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Cell Metab. 2014 Jan 7;19(1):49-57. doi: 10.1016/j.cmet.2013.11.020.

Aerobic glycolysis in the human brain is associated with development and neotenous gene expression.

Author information

1
Neuroimaging Laboratories, Mallinckrodt Institute of Radiology, Washington University School of Medicine, 4525 Scott Avenue, St. Louis, MO 63110, USA. Electronic address: goyalm@mir.wustl.edu.
2
Allen Institute for Brain Science, 551 North 34(th) Street, Seattle, WA 98103, USA.
3
Neuroimaging Laboratories, Mallinckrodt Institute of Radiology, Washington University School of Medicine, 4525 Scott Avenue, St. Louis, MO 63110, USA.
4
Neuroimaging Laboratories, Mallinckrodt Institute of Radiology, Washington University School of Medicine, 4525 Scott Avenue, St. Louis, MO 63110, USA. Electronic address: marc@npg.wustl.edu.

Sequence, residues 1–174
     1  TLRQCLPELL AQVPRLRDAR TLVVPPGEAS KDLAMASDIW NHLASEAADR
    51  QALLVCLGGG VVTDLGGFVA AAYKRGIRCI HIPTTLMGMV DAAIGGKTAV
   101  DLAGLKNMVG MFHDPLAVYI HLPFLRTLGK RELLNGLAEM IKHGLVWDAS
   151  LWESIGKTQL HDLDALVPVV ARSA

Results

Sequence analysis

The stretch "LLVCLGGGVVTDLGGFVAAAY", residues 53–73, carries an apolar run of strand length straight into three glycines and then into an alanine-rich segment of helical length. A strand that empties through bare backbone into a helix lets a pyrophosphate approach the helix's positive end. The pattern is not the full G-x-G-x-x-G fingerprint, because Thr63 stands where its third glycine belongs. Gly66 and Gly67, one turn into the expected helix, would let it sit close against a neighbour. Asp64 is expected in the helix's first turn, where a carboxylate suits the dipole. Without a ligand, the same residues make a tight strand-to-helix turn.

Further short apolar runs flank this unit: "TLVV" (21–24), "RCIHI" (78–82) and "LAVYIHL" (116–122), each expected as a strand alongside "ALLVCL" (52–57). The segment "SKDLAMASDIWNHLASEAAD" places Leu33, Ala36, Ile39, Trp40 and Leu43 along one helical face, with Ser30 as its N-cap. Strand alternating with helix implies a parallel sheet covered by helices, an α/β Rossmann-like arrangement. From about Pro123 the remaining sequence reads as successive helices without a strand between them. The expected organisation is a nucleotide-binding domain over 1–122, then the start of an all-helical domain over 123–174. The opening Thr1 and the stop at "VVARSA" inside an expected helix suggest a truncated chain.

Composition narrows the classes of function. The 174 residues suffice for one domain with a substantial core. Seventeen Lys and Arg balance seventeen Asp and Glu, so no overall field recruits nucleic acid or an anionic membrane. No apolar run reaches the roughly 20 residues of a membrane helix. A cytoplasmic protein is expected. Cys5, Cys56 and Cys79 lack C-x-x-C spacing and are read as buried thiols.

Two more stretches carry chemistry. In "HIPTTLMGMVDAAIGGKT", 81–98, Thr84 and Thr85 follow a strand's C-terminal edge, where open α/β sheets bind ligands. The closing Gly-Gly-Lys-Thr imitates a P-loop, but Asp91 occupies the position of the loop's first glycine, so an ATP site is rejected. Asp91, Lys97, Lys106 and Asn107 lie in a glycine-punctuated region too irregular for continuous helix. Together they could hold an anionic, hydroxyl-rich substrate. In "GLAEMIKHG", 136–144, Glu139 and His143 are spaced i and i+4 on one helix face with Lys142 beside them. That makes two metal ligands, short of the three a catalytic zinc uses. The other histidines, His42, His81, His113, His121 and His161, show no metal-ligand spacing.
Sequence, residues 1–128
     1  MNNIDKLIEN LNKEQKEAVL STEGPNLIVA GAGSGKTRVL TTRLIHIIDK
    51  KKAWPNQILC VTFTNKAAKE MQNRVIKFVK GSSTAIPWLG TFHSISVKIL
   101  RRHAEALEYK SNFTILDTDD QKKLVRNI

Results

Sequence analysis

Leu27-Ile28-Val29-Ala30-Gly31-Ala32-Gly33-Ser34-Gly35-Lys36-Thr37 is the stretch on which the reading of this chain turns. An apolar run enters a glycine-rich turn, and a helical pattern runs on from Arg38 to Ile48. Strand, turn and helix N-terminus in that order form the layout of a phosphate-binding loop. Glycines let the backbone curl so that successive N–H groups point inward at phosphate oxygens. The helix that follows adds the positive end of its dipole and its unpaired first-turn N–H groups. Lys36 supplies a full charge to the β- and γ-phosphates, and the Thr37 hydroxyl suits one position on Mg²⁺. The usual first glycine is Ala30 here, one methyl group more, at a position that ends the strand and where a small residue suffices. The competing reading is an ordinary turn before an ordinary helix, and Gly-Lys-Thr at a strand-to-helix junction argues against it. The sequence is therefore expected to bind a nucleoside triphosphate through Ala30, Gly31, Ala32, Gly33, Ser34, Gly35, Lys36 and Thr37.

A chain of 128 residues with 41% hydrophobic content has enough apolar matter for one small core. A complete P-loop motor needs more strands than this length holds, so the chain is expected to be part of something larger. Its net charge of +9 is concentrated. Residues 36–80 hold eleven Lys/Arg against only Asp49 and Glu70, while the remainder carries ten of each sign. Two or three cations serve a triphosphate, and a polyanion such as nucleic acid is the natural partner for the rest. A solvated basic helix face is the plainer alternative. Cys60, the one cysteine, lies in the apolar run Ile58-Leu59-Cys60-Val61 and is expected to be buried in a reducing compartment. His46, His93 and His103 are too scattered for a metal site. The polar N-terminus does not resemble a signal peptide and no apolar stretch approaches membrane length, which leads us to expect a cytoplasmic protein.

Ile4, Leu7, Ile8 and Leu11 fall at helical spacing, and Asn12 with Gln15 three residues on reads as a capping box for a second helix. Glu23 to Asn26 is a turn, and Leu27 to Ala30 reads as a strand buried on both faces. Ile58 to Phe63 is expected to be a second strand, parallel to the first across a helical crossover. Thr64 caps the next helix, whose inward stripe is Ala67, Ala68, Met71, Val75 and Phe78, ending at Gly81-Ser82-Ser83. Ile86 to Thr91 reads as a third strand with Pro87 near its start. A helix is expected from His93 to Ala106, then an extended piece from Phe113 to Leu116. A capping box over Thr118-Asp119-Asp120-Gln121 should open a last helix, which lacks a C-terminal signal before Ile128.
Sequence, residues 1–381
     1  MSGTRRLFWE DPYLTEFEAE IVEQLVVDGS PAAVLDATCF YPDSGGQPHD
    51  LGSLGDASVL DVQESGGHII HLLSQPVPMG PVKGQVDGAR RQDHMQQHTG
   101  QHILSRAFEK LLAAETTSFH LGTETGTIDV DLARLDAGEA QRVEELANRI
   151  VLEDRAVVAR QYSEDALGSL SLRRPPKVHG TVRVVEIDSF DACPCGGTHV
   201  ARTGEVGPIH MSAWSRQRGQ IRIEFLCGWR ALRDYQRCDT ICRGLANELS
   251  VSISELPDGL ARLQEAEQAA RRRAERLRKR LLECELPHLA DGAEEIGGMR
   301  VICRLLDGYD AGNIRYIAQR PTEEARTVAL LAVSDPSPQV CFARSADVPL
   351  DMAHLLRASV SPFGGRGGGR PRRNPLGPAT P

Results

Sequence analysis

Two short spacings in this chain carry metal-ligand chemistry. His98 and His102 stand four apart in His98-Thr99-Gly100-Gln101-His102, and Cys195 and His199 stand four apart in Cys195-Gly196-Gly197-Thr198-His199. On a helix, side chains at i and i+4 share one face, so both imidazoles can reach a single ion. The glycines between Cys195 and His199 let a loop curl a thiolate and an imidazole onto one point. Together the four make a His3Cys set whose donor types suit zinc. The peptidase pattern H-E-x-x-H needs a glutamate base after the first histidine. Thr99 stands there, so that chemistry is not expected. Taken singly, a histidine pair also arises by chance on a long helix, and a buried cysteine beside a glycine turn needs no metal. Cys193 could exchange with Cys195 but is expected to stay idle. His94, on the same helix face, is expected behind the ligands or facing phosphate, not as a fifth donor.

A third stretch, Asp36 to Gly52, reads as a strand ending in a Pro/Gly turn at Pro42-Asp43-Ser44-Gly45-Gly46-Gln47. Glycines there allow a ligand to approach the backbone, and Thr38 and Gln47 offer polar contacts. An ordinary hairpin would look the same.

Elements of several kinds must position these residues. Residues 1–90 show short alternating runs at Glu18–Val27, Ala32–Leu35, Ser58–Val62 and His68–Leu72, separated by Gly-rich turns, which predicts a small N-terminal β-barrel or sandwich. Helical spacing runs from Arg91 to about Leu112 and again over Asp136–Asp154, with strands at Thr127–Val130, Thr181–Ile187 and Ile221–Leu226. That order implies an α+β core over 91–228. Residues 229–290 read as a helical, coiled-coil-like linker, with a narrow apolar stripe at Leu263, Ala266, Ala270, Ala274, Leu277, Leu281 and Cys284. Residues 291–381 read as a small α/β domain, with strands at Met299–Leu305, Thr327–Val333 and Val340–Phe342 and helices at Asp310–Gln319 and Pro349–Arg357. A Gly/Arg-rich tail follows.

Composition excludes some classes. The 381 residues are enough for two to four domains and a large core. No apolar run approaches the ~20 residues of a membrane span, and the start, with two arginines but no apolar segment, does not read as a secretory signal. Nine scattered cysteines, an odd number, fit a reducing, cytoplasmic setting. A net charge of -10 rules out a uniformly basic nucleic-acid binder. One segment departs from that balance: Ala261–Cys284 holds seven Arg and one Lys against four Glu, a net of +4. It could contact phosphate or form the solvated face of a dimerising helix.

Abstract

Aerobic glycolysis (AG; i.e., nonoxidative metabolism of glucose despite the presence of abundant oxygen) accounts for 10%-12% of glucose used by the adult human brain. AG varies regionally in the resting state. Brain AG may support synaptic growth and remodeling; however, data supporting this hypothesis are sparse. Here, we report on investigations on the role of AG in the human brain. Meta-analysis of prior brain glucose and oxygen metabolism studies demonstrates that AG increases during childhood, precisely when synaptic growth rates are highest. In resting adult humans, AG correlates with the persistence of gene expression typical of infancy (transcriptional neoteny). In brain regions with the highest AG, we find increased gene expression related to synapse formation and growth. In contrast, regions high in oxidative glucose metabolism express genes related to mitochondria and synaptic transmission. Our results suggest that brain AG supports developmental processes, particularly those required for synapse formation and growth.

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PMID:
24411938
PMCID:
PMC4389678
DOI:
10.1016/j.cmet.2013.11.020
[Indexed for MEDLINE]
Free PMC Article
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